A swift change is needed in agriculture to reduce the carbon footprint of agriculture. With a big goal of a 45% reduction in emissions by 2030, farmers and the agriculture industry can help get sustainability trending in the right direction. 

Together, Agmatix and farmers can better understand the carbon footprint of individual farms using. Farmers can make informed decisions about nutrient programs and their impact on the farm’s carbon footprint. By growing data for impact, Agmatix and farmers are growing a better, more sustainable tomorrow.

Continued Innovation at Agmatix

We, at Agmatix, are committed to helping our customers make field-level decisions and gain actionable insights from their agronomic data. The agriculture industry is facing a number of challenges, such as the rapidly growing world population, climate change, supply chain disruption, and limited resources. This is why we continue to innovate and bring the latest solutions to address these challenges!

As an agro informatics company, our goal is to support agriculture professionals worldwide in using big data to make informed decisions. We do this through three core solutions: Insights & Models, Agronomic Trial Management, and the Digital Crop Advisor. Learn more about these solutions below.

Insights & Models

We can help you unlock true value from your agronomic data. Our Insights & Models solution analyzes and standardizes data from your field trials or experiments and converts it into power insights & models.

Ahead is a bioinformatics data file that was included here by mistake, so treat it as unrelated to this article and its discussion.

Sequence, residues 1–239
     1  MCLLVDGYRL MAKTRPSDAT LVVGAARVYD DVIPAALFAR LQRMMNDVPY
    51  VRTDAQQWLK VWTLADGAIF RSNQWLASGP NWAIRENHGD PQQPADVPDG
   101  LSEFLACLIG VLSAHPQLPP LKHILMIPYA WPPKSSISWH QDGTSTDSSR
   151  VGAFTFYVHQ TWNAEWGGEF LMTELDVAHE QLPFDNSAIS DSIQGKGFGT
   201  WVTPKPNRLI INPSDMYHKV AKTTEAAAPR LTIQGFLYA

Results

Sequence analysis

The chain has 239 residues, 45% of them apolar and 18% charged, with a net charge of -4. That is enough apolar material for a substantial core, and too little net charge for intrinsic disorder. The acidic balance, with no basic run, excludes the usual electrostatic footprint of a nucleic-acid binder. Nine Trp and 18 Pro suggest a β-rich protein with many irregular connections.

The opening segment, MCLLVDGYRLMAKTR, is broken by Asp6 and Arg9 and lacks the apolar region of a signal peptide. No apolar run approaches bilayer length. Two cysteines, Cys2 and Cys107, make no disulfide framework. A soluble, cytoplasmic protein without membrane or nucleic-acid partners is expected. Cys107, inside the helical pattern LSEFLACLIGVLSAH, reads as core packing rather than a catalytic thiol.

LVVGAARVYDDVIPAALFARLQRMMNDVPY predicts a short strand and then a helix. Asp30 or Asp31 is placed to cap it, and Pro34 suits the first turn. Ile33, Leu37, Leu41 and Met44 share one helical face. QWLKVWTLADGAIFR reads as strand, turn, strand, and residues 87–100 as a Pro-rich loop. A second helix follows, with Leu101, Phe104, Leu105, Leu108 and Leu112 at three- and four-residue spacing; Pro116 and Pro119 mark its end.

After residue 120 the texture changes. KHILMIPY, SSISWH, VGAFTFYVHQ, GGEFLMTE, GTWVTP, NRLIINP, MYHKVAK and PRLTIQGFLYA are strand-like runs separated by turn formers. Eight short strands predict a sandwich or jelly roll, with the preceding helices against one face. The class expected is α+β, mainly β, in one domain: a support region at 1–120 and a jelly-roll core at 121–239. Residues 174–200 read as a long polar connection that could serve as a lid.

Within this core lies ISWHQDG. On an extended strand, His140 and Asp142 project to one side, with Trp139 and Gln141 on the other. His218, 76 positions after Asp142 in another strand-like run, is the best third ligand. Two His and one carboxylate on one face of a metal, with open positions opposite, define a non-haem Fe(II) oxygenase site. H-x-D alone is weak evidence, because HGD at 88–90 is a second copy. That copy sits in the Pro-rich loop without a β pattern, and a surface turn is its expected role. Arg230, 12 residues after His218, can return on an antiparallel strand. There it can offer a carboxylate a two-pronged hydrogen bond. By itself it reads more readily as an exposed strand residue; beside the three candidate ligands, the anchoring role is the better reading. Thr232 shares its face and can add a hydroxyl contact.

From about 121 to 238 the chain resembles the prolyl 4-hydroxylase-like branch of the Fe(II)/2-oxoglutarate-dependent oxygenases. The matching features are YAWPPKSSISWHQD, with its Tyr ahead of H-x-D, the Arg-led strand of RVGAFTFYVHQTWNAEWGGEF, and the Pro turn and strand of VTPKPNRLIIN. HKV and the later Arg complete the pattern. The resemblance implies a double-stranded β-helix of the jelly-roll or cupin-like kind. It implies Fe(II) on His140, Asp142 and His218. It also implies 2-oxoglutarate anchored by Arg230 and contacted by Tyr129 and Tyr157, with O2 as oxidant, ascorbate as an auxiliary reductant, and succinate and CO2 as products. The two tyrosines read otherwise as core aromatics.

The Insights tool is equipped with additional statistical capabilities most frequently used in field trial analysis (paired t-test, independent t-test, one/two-way ANOVA, and Tukey-Kramer) to bring data science capabilities and deeper analysis to your fingertips. Graphical user interface, application

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Access and Analyze all of your agronomic data in one unified place

Our user-friendly interface provides you with access and viewing capabilities of all your agronomic data in one unified place. We can ingest and harmonize your legacy trial data so you can easily compare that to your ongoing field trial data (using the Agronomic Trial Management) and perform cross-trial analysis.

With our Insights solution, you can visualize and analyze your field trials in a single location and access your data at any time. Our pre-built advanced statistical analysis widgets help you easily create customized on-demand reports to analyze your trial data, enabling you to make data-driven decisions and optimize your R&D efforts.

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Collaborate with researchers and extract exactly what you need